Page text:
Image courtesy of GoldSaint @ FreeDigitalPhotos.net
What? Why are you giving me that “You fugly bug” look?
Aaaah, right… if the fluid on the outside is air, and the fluid on the inside is air, how can there possibly be such a huge difference in their density and weight? Magic. That’s right; alien Druid Yetties have cast a spell upon the – OK, that’s bullshit… see? It smells much worse than horseshit…
No, what has happened is that you have used one of the properties of gasses, which you may, or may not remember are fluids, to lower the density of only the gas inside the container. The property you used… well, you used it, so I don’t need to bore you by explaining that gasses expand when heated.
Actually, we can use the “crowd of people as gas” analogy here too. Do a little experiment –
If You Do This, You Will Get Arrested!
Get a bunch of your friends together and go to a local bar. See if you can get the room really, really full, then once everyone’s settled in and having a good time, take a look around. Really take it in… this is a container of fluid in its steady state. Given no outside intervention, the “gas molecules” fill the available space, bump and shuffle around a bit, but do not change substantially.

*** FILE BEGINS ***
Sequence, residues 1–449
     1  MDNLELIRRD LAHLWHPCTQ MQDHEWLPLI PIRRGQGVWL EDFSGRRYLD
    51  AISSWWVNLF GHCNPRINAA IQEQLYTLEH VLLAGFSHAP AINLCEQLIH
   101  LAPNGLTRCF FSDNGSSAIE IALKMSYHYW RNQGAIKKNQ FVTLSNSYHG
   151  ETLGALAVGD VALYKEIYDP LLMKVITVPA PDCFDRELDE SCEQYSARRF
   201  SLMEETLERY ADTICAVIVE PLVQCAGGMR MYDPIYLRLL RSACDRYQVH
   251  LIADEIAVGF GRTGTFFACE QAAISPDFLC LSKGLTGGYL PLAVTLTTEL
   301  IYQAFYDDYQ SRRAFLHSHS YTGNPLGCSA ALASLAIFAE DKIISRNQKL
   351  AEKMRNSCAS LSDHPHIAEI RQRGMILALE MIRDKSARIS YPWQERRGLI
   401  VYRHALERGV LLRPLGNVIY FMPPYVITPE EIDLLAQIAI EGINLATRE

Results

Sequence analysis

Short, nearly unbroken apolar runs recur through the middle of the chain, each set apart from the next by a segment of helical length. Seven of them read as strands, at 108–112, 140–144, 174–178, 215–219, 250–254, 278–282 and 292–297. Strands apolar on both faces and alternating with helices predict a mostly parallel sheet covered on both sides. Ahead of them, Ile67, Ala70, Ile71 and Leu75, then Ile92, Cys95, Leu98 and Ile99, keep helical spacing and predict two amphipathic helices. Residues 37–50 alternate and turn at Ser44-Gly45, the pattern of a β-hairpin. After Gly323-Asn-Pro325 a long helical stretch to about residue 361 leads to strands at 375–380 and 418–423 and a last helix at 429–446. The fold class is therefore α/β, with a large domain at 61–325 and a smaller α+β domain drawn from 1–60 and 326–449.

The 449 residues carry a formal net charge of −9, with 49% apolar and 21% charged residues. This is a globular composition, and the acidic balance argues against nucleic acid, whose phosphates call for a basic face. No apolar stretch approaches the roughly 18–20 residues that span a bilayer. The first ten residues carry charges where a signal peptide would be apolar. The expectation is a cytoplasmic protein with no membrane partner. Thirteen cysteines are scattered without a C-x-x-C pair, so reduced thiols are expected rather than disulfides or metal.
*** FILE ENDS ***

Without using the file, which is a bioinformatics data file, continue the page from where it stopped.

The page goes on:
Now because you’re a complete asshole, spill some straight up, top-shelf vodka on a table in the middle of the room and light it on fire.
What do you observe (given that no one has beaten you senseless)?
When you apply heat, in the form of fire, to the “container of gas”, the molecules begin to move about quickly and randomly, often bouncing off of each other violently… and they most definitely move away from the heat. The ones near the fire push most vigorously against the ones out near the edge, transmitting their energy in the process. Now even the people/molecules by the walls are very agitated and causing pressure against the walls. The gas is expanding. Finally, the pressure relief valve is released, and people go flying out the door! You, huddled quietly in a corner, can look up now and observe how the gas molecules inside the container are fewer and fewer. Unfortunately, the container (the bar) is still too heavy to gain much buoyancy from the denser mass of people now outside. Now, if the bar was made of silk…